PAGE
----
|Cotton field. Picture by Aileen's Pics on Flickr|
Mexico is the centre of origin of domesticated cotton. Clearly, steps to protect wild cotton's natural diversification are critical for conservation and future breeding.
Despite this, GM cotton has been cultivated in the north of the country since 1996, and 21 gene transformation events have been approved there (5,985 permits to sow GM cotton were issued in the first 12 years).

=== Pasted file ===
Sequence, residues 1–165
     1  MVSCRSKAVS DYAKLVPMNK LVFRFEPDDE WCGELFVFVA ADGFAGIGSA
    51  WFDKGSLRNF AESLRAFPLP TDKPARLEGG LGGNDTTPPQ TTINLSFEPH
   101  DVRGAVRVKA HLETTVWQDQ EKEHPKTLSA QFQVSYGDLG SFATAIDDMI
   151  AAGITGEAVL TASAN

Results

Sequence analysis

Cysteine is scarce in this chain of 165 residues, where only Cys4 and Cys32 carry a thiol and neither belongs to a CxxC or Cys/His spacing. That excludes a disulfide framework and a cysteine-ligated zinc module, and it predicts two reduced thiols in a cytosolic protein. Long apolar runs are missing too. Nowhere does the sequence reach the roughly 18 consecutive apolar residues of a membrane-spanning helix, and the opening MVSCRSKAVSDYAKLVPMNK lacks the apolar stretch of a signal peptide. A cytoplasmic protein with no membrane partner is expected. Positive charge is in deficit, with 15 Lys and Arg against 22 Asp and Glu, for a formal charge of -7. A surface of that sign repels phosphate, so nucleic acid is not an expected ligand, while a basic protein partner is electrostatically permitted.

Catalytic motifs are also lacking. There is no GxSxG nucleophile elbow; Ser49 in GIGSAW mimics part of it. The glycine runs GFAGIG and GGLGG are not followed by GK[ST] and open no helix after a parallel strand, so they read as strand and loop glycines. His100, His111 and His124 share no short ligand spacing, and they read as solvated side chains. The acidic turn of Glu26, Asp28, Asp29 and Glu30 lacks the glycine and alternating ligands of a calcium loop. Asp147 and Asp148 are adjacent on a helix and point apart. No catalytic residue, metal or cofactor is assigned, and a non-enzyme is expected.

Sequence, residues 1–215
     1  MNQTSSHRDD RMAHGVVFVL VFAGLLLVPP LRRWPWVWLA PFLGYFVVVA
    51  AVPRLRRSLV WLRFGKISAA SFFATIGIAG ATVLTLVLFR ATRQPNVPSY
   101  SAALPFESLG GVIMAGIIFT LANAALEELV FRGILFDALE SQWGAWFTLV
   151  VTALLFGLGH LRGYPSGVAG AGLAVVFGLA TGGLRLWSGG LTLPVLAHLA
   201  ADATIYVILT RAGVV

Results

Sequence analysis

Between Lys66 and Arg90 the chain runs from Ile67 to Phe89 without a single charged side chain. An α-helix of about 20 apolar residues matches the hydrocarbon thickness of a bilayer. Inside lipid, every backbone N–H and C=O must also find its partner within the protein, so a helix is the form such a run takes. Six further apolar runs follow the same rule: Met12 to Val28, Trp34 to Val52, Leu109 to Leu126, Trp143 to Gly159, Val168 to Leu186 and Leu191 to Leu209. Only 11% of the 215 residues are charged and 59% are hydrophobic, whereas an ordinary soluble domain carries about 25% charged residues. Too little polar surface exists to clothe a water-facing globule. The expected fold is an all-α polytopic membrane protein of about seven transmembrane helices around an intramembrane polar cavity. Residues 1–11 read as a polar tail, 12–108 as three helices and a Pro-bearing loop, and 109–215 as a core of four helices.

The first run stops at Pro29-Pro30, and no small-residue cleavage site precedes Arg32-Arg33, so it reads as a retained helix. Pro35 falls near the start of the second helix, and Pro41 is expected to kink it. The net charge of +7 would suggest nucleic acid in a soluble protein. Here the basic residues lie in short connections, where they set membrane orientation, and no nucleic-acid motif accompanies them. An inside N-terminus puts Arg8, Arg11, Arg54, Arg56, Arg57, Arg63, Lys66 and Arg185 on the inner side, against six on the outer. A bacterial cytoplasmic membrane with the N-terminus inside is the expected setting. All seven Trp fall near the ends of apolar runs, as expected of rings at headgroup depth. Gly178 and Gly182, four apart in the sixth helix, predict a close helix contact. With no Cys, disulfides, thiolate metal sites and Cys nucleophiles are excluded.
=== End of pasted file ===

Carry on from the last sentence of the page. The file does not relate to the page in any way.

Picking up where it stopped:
Genes can escape through pollen and seeds. Because cotton plants are mainly self-pollinating and the two species grown commercially in the USA can't hybridise, there's little opportunity for gene movement through pollen. However, seeds have plenty of potential for dispersal: they survive much longer than pollen and can be moved far and wide by water, weather and birds; once the cotton fibre has been removed, the seeds end up as truckloads of animal feed (on their way into the human food-chain) travelling the highways.